14. The method of claim 1 wherein the cement composition has a third component of a polymer selected from the group consisting of polyethylene copolymers having a density less than 0.880 g/cc, polymethyl pentene, polypropylene having a modulus of less than 10,000 psi, styrene containing copolymers and styrene containing interpolymers.
15. The method of claim 14 wherein the first component of the cement is a copolymer of norbornene and ethylene.
16. The method of claim 15 wherein the third component is an ethylene and α-olefin copolymer.
17. The method of claim 15 wherein the first article and the second article are flexible.
18. The method of claim 1 wherein the first component is present in an amount of from about 1-20% by weight of the cement composition.
19. The method of claim 1 wherein the first component is present in an amount of from about 1-15% by weight of the cement composition.
20. The method of claim 1 wherein the first component is present in an amount of from about 3-15% by weight of the cement composition.
21. The method of claim 1 wherein the first article is a medical tubing of an ethylene and α-olefin copolymer or an ethylene vinyl acetate copolymer or an ethylene methacrylate copolymer and the second article is a medical housing.
22. The method of claim 21 wherein the medical housing has a modulus of elasticity of greater than about 30,000 psi as measured in accordance with ASTM D790.
23. The method of claim 1 wherein the ethylene copolymer is an ultra low density polyethylene.
24. The method of claim 1 wherein the ethylene is copolymerized with an α-olefin having 4-8 carbons.
25. A method for using a polymeric cement to assemble medical devices comprising the steps of:
providing a first article of a low crystallinity polymer;
providing a second article of a low crystallinity polymer;
wherein the first low crystallinity polymer and the second low crystallinity polymer are selected from the group consisting of:
(a) a homopolymer of a polyolefin,
(b) a copolymer having a first monomer selected from the group consisting of propylene, butene, pentene, hexene, heptene, octene, nonene and decene,
(c) ethylene copolymerized with monomers selected from the group of α-olefins having 3-10 carbons, lower alkyl and lower alkene substituted carboxylic acids and esters and anhydride derivatives thereof,
(d) ethylene-propylene rubbers,
(e) EPDM,
(f) ionomers,
(g) homopolymers of cyclic olefins,
(h) copolymers of cyclic olefins selected from the group consisting of substituted and unsubstituted cyclopentene, cyclopentadiene, cyclohexene, cyclohexadiene, cycloheptadiene, cyclooctene, and cyclooctadiene, copolymerized with a fourth monomer selected from the group consisting of α-olefins having from 2-10 carbons, cyclic olefins, bridged polycyclic hydrocarbons and aromatic hydrocarbons,
(i) homopolymers of bridged polycyclic hydrocarbons, and
(j) and copolymers of bridged polycyclic hydrocarbons containing more than 7 carbons with a fifth monomer selected from the group of α-olefins having from 2-10 carbons, cyclic olefins, bridged polycyclic hydrocarbons and aromatic hydrocarbons;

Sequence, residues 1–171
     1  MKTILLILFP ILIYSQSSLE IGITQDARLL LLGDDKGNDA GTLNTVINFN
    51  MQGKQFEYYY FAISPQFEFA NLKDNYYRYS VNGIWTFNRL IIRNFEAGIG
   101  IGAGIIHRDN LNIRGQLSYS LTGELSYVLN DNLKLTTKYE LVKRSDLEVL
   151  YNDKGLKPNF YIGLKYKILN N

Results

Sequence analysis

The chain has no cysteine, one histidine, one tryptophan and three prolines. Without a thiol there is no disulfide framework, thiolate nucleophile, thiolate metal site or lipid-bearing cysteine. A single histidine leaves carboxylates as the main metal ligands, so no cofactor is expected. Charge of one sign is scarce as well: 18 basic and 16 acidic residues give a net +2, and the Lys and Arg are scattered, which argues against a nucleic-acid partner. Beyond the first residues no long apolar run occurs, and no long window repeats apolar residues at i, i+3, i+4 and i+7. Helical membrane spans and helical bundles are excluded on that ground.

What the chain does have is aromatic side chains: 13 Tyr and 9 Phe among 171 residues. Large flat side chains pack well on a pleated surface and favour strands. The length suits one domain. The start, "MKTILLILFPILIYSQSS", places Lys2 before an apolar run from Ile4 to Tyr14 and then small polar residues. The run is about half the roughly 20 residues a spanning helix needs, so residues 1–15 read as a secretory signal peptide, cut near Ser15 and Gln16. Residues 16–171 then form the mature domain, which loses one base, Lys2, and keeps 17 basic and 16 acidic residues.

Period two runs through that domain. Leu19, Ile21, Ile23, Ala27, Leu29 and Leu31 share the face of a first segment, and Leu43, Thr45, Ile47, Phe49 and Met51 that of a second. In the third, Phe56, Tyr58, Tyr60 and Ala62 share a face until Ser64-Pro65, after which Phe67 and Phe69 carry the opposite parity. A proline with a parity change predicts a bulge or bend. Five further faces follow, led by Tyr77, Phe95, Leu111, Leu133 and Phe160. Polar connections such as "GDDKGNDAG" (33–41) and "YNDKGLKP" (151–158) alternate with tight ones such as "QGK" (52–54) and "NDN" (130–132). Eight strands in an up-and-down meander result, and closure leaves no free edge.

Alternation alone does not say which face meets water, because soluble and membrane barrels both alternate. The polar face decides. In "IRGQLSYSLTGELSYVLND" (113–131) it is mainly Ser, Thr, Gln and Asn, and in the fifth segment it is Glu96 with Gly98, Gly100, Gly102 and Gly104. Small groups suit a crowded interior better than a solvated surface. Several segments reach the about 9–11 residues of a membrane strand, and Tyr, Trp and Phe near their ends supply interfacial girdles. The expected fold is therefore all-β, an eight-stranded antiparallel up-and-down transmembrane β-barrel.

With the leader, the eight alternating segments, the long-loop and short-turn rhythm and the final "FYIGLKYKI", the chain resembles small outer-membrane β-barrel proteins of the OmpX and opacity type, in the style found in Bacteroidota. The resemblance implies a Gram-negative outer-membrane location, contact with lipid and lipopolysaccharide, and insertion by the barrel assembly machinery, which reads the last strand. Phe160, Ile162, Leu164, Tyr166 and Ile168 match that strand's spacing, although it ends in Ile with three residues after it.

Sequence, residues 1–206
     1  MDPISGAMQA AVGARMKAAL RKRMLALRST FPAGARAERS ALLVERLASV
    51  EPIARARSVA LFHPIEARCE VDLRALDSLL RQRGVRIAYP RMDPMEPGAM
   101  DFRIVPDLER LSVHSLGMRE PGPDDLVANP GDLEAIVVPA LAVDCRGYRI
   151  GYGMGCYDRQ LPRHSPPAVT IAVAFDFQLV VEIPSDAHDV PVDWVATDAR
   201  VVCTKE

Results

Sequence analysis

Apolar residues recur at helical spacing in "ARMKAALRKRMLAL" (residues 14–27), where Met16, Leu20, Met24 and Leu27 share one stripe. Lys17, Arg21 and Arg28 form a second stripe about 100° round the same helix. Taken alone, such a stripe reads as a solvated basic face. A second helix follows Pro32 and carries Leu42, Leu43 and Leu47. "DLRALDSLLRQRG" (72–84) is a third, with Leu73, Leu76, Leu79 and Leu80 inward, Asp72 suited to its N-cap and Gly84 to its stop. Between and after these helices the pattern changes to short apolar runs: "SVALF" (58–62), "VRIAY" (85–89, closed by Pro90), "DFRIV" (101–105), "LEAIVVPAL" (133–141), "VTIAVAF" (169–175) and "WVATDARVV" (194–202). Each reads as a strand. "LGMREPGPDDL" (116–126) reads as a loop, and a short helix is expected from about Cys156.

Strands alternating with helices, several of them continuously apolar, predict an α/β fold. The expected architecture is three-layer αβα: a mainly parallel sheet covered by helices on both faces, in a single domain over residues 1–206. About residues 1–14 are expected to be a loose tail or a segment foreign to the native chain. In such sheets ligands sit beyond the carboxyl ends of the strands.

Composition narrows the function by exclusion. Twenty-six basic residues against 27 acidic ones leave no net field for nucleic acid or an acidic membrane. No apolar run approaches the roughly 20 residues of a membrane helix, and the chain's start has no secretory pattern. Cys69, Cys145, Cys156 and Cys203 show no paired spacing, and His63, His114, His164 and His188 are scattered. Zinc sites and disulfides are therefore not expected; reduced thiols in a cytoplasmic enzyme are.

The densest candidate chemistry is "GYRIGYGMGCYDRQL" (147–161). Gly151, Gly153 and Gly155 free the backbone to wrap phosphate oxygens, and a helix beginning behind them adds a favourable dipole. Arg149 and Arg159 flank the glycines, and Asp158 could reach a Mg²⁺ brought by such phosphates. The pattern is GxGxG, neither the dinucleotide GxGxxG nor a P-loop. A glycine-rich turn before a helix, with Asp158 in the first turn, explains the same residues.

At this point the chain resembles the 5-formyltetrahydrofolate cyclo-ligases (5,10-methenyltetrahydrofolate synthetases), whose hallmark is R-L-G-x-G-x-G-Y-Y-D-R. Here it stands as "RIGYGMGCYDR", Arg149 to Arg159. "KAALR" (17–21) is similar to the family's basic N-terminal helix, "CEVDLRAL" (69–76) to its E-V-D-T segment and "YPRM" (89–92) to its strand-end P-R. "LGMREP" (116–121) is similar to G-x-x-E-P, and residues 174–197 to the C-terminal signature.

providing a cement composition comprising a first component obtained by copolymerizing a norbornene monomer and an ethylene monomer in an addition polymerization process, the norbornene monomer being present in an amount of at least about 20 mole percent of the copolymer, the first component being present in an amount from about 1% to about 20% by weight of the composition; a second component of an effective amount of a solvent having a solubility parameter of 20 (MPa)1/2 and a molecular weight of less than about 200 g/mole; and a third component of a first ethylene and α-olefin copolymer, the third component being present in an amount from about 0% to about 10% by weight of the composition;
applying the cement composition to one of the first and second articles to define a bonding area; and
attaching the first article to the second article along the bonding area to fixedly attach the first article to the second article.
26. The method of claim 25 wherein the first article is a rigid medical housing and the second article is a flexible medical tubing.
27. The method of claim 25 wherein the first article is a rigid medical housing and the second article is a semi-rigid article.
28. The method of claim 25 wherein the first article and the second article are flexible.
29. The method of claim 25 wherein the glass transition temperature of the first component of the cement composition is from about 70° C. to about 130° C.
30. The method of claim 25 wherein the first component is present in an amount from 1-15% by weight of the cement composition.
31. The method of claim 25 wherein the first component is present in an amount from 3-10% by weight of the cement composition.
32. The method of claim 25 wherein the ethylene copolymer is an ultra low density polyethylene.
33. The method of claim 25 wherein the ethylene is copolymerized with an α-olefin having 4-8 carbons.
34. A medical device assembly comprising:
a first article of a low crystallinity polymer;
a second article of a low crystallinity polymer;
wherein the first low crystallinity polymer and the second low crystallinity polymer are selected from the group consisting of:
(a) a homopolymer of a polyolefin,
(b) a copolymer having a first monomer selected from the group consisting of propylene, butene, pentene, hexene, heptene, octene, nonene and decene,
(c) ethylene copolymerized with monomers selected from the group of α-olefins having 3-10 carbons, lower alkyl and lower alkene substituted carboxylic acids and esters and anhydride derivatives thereof,
(d) ethylene-propylene rubbers,
(e) EPDM,
(f) ionomers,
(g) homopolymers of cyclic olefins,